In Iraq, thousands flee Fallujah and raise questions for Mosul

Over 60,000 civilians have fled the besieged Iraqi city of Fallujah in the last week and are arriving in refugee camps to no tents, little water, and more death. Government officials and aid organizations are saying the lack of resources is due to the unprecedented numbers of people fleeing the fight against the Islamic State of Iraq and Syria (ISIS) , but the overall response is not a good sign for the next major offensive on the much larger city of Mosul by Iraq’s military and the Kurdish peshmerga.

According to a May 25th UN statement encouraging aid and protection for those fleeing Fallujah, it was believed that at least 50,000 people remained in the city of Fallujah. While that reveals a shortfall of at least 10,000 unaccounted for civilians, the same statement said that humanitarian partners had been “gearing up for weeks to provide protection, shelter, water, health care and food assistance to people fleeing the city.”

“We’ve already begun providing people with food, water and shelter as they arrive and we’ll be there as more people arrive,” said Lisa Grande, the UN Humanitarian Coordinator for Iraq, in the statement.

Those preparations still left agencies scrambling to respond and thousands of civilians without water, food, or proper shelter. Situations are sure to worsen as temperatures rise and more civilians escape Fallujah. While Iraqi Prime Minister Haider al-Abadi declared victory after special forces recaptured the city center of Fallujah, at least 20 percent of the city is still under ISIS control.

The fight for Mosul is expected to displace between 600,000 and 1.2 million people. While organizations and the government say they are prepared to receive the civilians fleeing the ISIS stronghold, the conditions in Fallujah hint otherwise.

The city of Telskof is just one of the front lines 34 km from Mosul that is sure to get hit with civilians fleeing the impending Mosul operation. So far, little to no families have come through Telskof from ISIS territories, but authorities claim they are ready all the same.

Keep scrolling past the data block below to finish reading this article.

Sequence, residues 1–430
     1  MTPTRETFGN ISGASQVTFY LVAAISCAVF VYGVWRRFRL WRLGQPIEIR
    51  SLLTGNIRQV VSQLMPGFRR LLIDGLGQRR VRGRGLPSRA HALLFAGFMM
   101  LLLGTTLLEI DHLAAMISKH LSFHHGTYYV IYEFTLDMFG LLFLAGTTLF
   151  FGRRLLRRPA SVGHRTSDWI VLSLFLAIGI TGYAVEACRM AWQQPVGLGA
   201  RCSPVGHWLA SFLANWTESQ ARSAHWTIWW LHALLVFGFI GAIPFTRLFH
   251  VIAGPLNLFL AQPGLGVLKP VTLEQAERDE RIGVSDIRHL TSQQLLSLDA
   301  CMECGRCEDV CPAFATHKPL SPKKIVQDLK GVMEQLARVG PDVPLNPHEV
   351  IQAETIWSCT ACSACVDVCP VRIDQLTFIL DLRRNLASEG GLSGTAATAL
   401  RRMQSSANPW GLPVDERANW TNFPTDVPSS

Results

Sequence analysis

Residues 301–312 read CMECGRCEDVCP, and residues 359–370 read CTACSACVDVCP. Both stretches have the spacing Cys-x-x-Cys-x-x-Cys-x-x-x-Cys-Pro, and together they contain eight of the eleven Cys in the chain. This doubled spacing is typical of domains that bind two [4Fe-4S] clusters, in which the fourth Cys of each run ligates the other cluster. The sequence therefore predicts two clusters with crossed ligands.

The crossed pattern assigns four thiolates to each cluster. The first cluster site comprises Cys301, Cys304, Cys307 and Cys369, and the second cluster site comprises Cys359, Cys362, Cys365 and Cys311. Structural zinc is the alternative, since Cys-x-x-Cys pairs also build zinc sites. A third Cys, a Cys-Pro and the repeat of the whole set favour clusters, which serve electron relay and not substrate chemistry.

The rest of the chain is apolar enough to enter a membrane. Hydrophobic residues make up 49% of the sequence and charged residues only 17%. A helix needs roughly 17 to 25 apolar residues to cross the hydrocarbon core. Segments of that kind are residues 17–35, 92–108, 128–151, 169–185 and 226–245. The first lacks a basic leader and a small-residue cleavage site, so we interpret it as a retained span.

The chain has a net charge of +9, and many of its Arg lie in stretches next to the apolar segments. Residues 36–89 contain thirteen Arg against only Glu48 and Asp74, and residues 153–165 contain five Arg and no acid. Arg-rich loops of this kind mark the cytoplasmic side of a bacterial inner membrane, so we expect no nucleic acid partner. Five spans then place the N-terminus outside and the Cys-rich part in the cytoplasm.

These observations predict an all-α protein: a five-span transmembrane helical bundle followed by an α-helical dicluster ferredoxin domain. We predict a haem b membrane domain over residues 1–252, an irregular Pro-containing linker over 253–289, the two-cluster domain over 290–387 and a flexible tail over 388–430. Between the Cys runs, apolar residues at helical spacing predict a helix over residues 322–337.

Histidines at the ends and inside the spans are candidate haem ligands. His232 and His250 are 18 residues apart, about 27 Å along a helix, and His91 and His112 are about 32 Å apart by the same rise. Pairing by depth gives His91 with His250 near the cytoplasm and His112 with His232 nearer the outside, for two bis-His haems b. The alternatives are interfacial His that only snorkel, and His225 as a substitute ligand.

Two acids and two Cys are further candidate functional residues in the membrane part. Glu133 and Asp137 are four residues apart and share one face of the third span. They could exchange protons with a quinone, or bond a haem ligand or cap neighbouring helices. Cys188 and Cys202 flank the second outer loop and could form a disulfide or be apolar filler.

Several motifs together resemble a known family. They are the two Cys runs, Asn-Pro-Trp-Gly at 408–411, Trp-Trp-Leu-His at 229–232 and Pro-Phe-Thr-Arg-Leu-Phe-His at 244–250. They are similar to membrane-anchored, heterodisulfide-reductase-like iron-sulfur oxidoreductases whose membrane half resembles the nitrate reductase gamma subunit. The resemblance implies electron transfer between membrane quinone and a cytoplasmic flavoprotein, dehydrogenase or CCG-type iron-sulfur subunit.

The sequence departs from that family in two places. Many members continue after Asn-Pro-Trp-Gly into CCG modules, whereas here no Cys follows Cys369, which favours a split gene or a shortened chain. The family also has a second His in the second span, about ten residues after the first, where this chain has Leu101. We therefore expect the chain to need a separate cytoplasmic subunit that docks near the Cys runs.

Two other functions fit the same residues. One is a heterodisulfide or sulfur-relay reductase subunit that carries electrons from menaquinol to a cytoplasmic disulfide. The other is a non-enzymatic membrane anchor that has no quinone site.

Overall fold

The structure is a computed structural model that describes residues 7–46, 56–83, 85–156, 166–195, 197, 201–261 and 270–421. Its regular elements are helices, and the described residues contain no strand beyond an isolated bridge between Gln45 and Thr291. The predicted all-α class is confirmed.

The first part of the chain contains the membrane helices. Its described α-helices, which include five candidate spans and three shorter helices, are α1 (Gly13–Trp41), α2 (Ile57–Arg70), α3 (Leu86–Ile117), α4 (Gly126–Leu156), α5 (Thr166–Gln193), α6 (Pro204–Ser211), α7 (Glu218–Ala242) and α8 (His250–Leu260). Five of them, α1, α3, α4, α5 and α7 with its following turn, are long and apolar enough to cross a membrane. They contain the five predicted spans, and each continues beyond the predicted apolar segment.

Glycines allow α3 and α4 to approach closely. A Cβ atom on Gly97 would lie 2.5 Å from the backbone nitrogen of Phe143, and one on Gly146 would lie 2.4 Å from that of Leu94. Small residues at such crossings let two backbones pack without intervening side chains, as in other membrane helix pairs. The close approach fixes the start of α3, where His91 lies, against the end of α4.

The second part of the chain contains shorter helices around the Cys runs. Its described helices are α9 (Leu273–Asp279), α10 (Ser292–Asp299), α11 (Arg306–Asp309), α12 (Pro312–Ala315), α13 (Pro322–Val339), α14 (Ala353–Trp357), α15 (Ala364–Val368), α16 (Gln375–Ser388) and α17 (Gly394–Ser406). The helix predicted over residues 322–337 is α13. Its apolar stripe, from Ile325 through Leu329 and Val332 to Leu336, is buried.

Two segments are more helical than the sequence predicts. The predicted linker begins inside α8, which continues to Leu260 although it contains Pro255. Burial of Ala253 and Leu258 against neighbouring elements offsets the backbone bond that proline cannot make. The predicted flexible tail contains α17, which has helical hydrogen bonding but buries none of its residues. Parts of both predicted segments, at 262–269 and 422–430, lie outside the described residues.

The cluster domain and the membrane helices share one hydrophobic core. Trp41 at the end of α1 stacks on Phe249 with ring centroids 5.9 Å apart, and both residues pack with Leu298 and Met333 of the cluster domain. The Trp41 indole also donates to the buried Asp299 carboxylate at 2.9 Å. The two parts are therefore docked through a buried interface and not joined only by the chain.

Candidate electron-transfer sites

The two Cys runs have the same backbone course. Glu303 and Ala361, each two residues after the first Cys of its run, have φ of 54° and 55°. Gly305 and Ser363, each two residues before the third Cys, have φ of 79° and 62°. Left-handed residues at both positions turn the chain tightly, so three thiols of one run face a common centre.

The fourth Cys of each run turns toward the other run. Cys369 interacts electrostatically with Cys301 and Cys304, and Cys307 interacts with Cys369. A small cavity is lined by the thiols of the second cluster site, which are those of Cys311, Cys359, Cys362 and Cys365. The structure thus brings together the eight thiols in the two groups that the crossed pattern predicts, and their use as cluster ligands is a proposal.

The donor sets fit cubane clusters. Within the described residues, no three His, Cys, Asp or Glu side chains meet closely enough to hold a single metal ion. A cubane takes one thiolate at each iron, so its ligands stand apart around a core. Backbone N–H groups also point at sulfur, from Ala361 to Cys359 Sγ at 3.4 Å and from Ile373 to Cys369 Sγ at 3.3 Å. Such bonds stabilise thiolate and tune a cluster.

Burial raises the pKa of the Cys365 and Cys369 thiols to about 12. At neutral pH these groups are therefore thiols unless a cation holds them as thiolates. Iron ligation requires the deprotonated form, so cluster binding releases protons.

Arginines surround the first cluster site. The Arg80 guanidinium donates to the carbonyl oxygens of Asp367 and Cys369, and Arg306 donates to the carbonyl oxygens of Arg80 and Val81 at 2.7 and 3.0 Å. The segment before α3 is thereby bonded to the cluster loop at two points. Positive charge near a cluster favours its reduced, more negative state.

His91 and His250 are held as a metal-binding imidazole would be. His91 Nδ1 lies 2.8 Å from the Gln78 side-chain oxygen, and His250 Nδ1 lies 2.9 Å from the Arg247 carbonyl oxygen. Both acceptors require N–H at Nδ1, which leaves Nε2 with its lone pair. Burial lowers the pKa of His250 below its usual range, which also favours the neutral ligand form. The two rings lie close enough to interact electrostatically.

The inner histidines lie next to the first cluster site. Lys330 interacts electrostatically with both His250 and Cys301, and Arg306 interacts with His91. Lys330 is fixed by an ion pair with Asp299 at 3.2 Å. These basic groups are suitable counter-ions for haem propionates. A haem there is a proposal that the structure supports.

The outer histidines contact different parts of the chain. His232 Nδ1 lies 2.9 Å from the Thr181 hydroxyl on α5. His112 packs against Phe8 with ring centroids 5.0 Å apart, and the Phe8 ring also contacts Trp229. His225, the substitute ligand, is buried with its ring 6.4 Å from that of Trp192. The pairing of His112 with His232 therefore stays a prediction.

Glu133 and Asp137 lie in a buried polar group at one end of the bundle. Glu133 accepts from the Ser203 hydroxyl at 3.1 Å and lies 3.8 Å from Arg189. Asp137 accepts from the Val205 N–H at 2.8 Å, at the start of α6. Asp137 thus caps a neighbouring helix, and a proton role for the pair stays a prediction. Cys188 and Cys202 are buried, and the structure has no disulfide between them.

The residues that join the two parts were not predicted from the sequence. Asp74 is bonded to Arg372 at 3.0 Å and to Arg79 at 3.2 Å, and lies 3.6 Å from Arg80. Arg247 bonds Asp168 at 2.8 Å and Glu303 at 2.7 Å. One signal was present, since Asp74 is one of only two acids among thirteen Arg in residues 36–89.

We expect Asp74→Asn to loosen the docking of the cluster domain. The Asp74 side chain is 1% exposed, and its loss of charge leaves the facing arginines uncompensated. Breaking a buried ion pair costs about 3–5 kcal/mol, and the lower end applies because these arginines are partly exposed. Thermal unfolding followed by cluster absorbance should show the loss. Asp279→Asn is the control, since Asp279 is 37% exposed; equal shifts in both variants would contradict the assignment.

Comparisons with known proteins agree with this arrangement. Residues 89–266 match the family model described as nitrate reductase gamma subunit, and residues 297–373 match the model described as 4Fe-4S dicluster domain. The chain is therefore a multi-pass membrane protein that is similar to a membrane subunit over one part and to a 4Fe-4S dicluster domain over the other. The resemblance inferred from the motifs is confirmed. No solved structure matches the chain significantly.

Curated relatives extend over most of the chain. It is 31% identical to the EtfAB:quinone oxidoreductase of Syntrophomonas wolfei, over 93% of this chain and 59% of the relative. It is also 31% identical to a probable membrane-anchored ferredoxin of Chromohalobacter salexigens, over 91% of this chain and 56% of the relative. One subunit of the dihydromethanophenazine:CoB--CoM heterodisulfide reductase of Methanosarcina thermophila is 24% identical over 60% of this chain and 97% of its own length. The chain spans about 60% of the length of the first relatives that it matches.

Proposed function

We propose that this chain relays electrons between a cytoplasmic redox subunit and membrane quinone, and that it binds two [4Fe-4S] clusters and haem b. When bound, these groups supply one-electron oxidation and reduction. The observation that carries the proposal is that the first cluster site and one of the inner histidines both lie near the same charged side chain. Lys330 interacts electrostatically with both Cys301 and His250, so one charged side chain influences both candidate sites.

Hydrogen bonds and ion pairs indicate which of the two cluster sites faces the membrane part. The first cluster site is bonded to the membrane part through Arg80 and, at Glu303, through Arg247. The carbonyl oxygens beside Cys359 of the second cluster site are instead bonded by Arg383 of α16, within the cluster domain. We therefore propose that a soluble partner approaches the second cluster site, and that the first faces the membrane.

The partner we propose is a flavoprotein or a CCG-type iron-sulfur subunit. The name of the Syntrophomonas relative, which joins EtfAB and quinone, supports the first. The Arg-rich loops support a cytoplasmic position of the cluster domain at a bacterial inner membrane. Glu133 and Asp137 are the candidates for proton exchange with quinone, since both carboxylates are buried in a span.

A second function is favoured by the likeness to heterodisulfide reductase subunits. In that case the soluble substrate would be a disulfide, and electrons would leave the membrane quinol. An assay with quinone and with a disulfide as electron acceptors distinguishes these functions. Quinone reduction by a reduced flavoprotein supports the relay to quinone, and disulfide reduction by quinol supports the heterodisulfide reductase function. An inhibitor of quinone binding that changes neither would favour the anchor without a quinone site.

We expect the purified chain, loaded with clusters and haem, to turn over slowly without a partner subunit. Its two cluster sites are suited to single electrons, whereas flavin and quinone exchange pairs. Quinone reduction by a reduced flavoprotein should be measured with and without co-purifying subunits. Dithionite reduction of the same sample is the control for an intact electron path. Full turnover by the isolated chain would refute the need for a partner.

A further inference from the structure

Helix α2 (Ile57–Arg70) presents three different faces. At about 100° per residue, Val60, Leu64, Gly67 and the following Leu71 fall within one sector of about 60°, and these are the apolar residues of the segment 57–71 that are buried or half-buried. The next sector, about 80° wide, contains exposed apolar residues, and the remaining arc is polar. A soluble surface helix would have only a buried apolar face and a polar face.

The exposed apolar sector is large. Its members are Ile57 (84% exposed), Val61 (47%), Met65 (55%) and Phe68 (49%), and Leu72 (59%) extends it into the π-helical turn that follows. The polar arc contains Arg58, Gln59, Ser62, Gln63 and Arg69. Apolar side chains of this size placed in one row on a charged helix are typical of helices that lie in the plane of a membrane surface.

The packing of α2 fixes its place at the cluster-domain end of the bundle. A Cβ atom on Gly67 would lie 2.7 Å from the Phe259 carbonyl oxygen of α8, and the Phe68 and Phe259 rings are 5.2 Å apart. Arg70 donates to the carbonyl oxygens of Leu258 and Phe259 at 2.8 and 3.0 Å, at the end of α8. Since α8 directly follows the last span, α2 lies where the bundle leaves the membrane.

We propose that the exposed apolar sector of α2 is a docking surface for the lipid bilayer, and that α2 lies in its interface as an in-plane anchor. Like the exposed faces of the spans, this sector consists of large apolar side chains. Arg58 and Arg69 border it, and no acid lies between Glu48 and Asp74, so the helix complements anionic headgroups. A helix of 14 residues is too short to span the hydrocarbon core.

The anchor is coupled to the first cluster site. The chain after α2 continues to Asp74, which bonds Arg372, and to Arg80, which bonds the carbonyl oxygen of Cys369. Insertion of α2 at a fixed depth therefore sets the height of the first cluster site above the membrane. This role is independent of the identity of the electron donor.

The Asayish, or rather the intelligence agency operating in the Kurdistan region of Iraq, claim that roughly 40,000 civilians will make their way through Telskof once the Mosul operation against ISIS begins.

However, an off the record interview with an Asayish officer in Telskof revealed that their readiness is reliant on the rate at which civilians make their way to Telskof.

“If it’s 50,000 people, there will be no way to check and control the civilians as they come,” he said.

The Asayish have a database of people who are working for ISIS that is used to screen the civilians as they cross into the Kurdistan Regional Government’s (KRG) territory.

“If anyone comes from Mosul who is ISIS, they will go to a camp,” said the Asayish officer.

Even those who make it through the Asayish checkpoint will face harrowing conditions similar if not worse than those in Fallujah. They will be crossing into Yazidi villages such as Doghat and Hatara.

In recent months, these villages have seen a mass exodus as Yazidis migrate to Europe. Despite being half empty, they are facing a water shortage. The villages’ main water supply previously came from Mosul, but has been cut off ever since ISIS occupied the city in 2014.

When asked if they will accept and help the civilians fleeing Mosul, most civilians in this area say they will accept Shias but no Sunnis. Given the Sunni-majority demographic of Mosul, this presents yet another daunting obstacle in the forthcoming Mosul liberation operation.

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